Diane and John Foley, Paula and Ed Kassig, Marsha and Carl Mueller, and Shirley and Art Sotloff are parents whose children were abducted and killed by members of the Islamic State.

We are the parents of James Foley, Peter Kassig, Kayla Mueller and Steven Sotloff. As Syria’s civil war unfolded, our children saw the Syrian people’s suffering and wanted to help, whether by providing humanitarian aid or by telling the world about this disaster.

While carrying out this work, they were abducted by members of the Islamic State, also known as ISIS. They were starved, tortured and beaten. According to witnesses, Kayla was repeatedly raped by the then-leader of ISIS, Abu Bakr al-Baghdadi. Jim, Peter and Steven were publicly murdered in the most brutal way imaginable. Nearly six years later, their bodies haven’t been found. No one has faced justice for their murders.

Some of the men who allegedly committed these atrocities are now in U.S. military custody in the Middle East. We implore President Trump, Attorney General William P. Barr and the Justice Department to have the detainees brought to the United States to face trial.

Like any grieving relatives, we want to know the full truth about what happened to our loved ones, and we want to see our children’s murderers held accountable. These things can happen only if the suspects are put on trial before a jury in an American court of law.

Some of the ISIS members implicated in these crimes, including Mohammed Emwazi, also known as “Jihadi John,” and al-Baghdadi, are dead and beyond the reach of earthly justice. But others are being held, right now, on U.S. bases in the Middle East. The detainees include Alexanda Kotey and El Shafee Elsheikh, two of the surviving ISIS members referred to by their captives as “the Beatles.” They are British citizens who reportedly participated in the detention, torture and execution of American hostages.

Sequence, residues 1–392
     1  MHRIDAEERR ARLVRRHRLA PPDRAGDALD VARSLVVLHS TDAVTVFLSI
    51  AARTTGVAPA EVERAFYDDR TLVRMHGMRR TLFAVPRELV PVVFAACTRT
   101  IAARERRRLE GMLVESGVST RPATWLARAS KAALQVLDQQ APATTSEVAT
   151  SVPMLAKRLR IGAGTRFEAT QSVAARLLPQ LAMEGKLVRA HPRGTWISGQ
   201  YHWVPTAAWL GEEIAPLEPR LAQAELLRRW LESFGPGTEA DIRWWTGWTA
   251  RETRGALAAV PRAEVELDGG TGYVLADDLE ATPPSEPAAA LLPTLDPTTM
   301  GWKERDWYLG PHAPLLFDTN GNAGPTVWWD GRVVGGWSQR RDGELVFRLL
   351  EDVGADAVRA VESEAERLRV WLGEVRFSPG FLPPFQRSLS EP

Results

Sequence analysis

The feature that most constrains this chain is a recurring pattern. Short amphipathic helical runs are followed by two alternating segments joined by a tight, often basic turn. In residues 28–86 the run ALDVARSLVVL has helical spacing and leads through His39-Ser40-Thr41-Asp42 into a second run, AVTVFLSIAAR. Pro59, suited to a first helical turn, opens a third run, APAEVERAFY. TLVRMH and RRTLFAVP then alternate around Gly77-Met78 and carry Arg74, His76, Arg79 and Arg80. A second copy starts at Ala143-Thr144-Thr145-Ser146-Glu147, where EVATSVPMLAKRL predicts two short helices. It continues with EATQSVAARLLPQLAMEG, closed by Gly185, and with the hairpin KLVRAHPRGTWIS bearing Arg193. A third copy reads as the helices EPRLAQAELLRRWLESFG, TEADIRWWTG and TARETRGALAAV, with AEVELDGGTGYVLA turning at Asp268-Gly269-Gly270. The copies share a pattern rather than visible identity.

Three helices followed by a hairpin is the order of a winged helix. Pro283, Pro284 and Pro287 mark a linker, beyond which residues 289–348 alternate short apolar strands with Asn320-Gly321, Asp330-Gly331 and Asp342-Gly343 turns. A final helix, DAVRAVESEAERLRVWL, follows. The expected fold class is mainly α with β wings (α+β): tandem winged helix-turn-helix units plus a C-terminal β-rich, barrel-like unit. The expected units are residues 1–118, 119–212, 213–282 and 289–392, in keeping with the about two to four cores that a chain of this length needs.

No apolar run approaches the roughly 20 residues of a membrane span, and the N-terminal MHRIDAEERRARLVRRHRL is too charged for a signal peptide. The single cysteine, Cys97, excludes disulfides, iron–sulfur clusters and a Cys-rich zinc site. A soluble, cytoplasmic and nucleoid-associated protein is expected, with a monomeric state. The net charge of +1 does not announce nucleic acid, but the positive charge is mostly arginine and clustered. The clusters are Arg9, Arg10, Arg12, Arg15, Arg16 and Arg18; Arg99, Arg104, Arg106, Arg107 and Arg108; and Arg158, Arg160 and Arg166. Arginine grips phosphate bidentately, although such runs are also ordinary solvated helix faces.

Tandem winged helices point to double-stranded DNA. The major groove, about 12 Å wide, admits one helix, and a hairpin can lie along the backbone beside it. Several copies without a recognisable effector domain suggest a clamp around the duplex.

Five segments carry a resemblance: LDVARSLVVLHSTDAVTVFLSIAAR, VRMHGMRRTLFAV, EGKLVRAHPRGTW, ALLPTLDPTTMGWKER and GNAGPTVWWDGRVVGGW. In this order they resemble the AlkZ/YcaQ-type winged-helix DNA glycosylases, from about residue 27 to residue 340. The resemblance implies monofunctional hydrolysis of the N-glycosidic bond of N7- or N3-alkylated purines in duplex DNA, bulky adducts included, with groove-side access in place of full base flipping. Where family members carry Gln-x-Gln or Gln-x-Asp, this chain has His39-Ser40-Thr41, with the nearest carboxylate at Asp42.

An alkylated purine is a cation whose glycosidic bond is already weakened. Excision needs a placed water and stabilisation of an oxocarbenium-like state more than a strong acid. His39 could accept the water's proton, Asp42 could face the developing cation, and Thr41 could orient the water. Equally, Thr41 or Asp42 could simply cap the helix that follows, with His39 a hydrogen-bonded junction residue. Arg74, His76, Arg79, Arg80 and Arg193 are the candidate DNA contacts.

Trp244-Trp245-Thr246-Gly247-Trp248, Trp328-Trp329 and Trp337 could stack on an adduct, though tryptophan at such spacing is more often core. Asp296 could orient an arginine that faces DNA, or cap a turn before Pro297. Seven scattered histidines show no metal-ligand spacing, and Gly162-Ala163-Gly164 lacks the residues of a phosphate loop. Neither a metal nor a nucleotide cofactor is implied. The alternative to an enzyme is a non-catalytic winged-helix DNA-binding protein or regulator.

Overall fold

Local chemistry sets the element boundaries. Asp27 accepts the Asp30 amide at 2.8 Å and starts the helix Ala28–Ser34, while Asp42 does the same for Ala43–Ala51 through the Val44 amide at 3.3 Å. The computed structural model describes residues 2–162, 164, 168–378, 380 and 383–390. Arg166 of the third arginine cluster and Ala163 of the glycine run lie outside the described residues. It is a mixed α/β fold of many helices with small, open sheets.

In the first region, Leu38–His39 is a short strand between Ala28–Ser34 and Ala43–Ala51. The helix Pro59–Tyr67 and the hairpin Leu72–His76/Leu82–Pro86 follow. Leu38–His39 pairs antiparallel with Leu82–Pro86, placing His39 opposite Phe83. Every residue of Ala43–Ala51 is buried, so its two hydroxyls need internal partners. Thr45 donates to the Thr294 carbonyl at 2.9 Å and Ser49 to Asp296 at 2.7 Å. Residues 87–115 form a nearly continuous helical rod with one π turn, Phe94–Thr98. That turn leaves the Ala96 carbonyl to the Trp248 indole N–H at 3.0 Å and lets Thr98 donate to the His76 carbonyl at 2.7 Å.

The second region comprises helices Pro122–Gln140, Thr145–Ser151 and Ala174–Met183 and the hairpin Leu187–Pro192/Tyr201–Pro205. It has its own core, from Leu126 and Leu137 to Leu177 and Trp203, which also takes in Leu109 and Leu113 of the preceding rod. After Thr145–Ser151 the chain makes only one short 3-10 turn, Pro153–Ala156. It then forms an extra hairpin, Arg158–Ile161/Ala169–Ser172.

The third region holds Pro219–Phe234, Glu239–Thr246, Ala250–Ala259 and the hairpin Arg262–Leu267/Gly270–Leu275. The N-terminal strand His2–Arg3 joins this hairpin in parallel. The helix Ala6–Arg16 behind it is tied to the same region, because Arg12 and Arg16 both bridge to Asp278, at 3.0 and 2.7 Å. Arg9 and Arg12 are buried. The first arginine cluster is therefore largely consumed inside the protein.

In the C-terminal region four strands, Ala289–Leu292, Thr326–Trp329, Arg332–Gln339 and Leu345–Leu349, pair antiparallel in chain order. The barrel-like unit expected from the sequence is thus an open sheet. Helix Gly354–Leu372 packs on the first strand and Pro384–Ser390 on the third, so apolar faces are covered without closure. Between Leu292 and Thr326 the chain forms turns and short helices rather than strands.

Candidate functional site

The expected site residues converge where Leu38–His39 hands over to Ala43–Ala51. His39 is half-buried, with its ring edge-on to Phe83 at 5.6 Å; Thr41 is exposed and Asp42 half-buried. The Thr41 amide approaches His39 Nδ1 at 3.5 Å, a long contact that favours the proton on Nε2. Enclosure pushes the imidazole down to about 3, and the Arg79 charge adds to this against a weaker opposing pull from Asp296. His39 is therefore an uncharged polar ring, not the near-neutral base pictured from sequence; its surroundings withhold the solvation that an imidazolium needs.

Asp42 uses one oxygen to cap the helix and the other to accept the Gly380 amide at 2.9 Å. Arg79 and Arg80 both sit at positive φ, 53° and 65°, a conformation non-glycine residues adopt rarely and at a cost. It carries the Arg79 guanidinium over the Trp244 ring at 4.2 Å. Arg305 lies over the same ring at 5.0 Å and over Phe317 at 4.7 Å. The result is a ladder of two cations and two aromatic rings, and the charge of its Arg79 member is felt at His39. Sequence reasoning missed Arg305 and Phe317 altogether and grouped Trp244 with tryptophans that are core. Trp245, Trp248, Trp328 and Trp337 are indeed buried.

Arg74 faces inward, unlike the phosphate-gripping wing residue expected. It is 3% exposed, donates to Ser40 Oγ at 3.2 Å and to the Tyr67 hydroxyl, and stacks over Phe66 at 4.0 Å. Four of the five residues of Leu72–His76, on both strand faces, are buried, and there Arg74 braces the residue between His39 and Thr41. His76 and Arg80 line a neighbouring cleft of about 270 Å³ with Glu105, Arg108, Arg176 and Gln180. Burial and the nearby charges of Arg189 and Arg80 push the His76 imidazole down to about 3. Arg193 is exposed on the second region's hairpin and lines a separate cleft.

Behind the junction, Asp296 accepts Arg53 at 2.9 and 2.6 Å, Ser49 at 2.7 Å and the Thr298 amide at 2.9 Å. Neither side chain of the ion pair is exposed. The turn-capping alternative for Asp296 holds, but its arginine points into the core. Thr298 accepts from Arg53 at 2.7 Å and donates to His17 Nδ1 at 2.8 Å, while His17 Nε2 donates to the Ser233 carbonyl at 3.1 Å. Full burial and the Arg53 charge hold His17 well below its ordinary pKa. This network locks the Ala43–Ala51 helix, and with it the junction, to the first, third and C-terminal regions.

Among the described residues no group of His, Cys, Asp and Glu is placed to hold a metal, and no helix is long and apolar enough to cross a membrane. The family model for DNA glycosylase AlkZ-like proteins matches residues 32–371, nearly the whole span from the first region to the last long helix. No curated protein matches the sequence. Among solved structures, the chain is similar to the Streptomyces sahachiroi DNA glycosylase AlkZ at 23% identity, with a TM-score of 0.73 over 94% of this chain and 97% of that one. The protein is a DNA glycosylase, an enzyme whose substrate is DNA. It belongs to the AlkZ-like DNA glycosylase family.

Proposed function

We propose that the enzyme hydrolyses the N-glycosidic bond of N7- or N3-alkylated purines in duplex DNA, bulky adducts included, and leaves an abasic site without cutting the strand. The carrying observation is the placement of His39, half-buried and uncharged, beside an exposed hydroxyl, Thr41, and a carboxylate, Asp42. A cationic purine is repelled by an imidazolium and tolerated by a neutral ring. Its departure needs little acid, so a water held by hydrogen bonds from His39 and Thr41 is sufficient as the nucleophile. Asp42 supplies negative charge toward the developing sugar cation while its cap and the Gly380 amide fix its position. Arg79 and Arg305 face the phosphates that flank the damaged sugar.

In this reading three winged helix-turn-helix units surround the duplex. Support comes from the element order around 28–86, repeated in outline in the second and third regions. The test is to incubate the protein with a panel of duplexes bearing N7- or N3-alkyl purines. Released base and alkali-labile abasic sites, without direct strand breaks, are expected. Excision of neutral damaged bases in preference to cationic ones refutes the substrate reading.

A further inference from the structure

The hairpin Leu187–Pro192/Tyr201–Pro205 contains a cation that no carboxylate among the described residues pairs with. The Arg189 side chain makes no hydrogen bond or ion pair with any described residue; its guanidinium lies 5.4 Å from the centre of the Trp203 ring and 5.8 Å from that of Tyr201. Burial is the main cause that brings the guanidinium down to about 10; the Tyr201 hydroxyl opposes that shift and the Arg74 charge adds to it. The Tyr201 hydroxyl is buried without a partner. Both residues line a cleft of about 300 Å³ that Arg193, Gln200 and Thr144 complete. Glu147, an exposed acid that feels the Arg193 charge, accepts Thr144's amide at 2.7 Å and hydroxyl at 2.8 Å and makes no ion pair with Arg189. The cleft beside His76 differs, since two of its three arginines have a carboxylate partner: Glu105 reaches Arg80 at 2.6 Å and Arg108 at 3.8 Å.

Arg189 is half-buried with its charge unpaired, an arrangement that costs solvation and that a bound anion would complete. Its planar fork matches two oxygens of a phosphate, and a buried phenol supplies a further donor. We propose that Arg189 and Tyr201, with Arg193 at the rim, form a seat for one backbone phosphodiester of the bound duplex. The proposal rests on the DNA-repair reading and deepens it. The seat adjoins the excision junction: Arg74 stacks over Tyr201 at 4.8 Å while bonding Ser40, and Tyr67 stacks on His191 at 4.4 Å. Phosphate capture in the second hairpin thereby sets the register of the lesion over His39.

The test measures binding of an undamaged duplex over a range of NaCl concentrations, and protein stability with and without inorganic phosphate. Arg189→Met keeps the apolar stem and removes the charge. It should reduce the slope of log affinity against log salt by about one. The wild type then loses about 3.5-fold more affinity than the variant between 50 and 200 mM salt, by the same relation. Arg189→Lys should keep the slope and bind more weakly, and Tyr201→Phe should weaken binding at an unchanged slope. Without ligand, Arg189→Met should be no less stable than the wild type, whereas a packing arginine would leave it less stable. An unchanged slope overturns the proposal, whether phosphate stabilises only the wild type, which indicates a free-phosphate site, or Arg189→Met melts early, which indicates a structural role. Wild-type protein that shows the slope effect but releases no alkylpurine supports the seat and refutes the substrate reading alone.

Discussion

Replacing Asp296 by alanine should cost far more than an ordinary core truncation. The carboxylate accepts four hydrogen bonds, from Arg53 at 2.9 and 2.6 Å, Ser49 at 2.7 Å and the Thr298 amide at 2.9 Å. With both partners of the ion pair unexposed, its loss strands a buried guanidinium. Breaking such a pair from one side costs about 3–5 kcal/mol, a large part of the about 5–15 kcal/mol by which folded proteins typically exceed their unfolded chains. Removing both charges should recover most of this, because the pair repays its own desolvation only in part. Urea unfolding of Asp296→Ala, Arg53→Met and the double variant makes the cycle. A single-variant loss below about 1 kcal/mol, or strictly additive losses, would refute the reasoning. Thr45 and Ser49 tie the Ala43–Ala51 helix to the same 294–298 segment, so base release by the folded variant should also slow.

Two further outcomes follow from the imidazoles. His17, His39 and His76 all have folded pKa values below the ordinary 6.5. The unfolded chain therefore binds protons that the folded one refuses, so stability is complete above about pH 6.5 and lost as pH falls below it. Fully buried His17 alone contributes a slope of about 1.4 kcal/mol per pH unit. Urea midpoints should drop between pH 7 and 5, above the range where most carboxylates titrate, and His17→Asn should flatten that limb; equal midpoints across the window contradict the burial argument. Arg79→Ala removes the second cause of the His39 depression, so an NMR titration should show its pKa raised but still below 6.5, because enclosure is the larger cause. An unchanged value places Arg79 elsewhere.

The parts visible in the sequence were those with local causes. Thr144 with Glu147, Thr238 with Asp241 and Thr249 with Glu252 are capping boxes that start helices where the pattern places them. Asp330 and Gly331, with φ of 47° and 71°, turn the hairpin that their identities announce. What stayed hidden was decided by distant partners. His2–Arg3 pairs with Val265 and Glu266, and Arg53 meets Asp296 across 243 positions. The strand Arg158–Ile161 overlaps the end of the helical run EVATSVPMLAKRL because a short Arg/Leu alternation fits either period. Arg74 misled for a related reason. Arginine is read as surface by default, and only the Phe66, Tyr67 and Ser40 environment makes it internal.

With the U.S. military reducing its presence in the Middle East, we worry that the detainees will never face trial, just as hundreds of terrorists who were detained on U.S. bases during the Iraq War were let go as the United States withdrew its forces. Having escaped justice, many — including al-Baghdadi before his death — went on to form the Islamic State leadership.

Risking a repeat of this regrettable history is alarming enough. But detaining suspects indefinitely without trial is also bad policy. Terrorists use it as a recruiting tool and as an excuse for hostage-taking, accusing the United States of doing the same. Islamic State propaganda makes heroes of its members in U.S. custody, portraying them as living martyrs — a message that is repellent to the loved ones of their victims.

The U.S. government should send a more powerful message: It doesn’t matter who you are or where you are. If you harm American citizens, you will not escape. You will be hunted down. And when you are caught, you will face the full power of American law.

There is no nation on Earth better at bringing terrorists to justice than the United States. American laws are rigorous and comprehensive. Law enforcement and intelligence agencies are masters of their craft. And U.S. prosecutors have a long track record of success. More than 400 convicted terrorists are now securely behind bars in federal prisons, their crimes having been laid bare in open court.

We implore the Trump administration: Please, for the sake of truth, for the sake of justice, order these Islamic State suspects transferred to the United States to face trial.

In one of her final letters home, Kayla signed off, “With all my everything.” That is what Kayla, Jim, Peter and Steven are to us: our everything. Obtaining justice for them would mean the world.

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